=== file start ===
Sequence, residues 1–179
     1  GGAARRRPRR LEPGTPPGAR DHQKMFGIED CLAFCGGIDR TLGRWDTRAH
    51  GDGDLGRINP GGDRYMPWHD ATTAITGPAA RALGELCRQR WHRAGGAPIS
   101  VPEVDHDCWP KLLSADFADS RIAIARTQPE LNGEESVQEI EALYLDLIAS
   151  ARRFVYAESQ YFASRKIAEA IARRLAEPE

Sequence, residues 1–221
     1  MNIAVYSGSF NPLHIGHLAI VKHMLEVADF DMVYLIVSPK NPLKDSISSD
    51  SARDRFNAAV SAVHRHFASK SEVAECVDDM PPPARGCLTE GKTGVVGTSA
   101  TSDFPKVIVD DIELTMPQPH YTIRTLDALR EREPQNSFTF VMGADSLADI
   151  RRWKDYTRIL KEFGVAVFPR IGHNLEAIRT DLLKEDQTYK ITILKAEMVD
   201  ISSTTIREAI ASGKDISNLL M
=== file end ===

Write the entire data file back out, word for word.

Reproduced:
Sequence, residues 1–179
     1  GGAARRRPRR LEPGTPPGAR DHQKMFGIED CLAFCGGIDR TLGRWDTRAH
    51  GDGDLGRINP GGDRYMPWHD ATTAITGPAA RALGELCRQR WHRAGGAPIS
   101  VPEVDHDCWP KLLSADFADS RIAIARTQPE LNGEESVQEI EALYLDLIAS
   151  ARRFVYAESQ YFASRKIAEA IARRLAEPE

Sequence, residues 1–221
     1  MNIAVYSGSF NPLHIGHLAI VKHMLEVADF DMVYLIVSPK NPLKDSISSD
    51  SARDRFNAAV SAVHRHFASK SEVAECVDDM PPPARGCLTE GKTGVVGTSA
   101  TSDFPKVIVD DIELTMPQPH YTIRTLDALR EREPQNSFTF VMGADSLADI
   151  RRWKDYTRIL KEFGVAVFPR IGHNLEAIRT DLLKEDQTYK ITILKAEMVD
   201  ISSTTIREAI ASGKDISNLL M